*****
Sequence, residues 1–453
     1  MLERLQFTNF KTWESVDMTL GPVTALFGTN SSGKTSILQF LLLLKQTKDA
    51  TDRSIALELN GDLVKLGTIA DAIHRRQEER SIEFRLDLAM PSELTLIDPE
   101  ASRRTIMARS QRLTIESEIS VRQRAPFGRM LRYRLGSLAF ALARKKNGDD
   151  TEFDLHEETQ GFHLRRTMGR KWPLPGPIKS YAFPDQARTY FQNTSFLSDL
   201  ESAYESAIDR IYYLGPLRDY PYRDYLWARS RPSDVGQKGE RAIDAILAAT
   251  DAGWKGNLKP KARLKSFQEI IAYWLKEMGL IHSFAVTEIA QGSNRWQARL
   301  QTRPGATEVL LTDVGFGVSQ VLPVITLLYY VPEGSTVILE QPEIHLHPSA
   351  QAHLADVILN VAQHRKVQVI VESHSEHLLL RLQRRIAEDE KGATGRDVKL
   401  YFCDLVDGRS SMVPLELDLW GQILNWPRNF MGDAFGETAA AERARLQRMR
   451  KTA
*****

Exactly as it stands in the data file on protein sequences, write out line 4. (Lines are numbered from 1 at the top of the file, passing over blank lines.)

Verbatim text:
   101  ASRRTIMARS QRLTIESEIS VRQRAPFGRM LRYRLGSLAF ALARKKNGDD